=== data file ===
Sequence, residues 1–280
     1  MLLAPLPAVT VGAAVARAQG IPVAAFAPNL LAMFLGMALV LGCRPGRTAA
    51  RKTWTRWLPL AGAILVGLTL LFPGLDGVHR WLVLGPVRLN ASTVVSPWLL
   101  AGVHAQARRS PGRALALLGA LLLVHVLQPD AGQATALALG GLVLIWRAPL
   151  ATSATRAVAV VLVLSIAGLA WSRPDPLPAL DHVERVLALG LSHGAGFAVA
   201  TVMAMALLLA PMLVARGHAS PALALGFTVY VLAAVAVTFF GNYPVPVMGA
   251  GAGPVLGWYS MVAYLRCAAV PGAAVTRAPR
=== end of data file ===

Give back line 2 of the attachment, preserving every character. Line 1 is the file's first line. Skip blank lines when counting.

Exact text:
     1  MLLAPLPAVT VGAAVARAQG IPVAAFAPNL LAMFLGMALV LGCRPGRTAA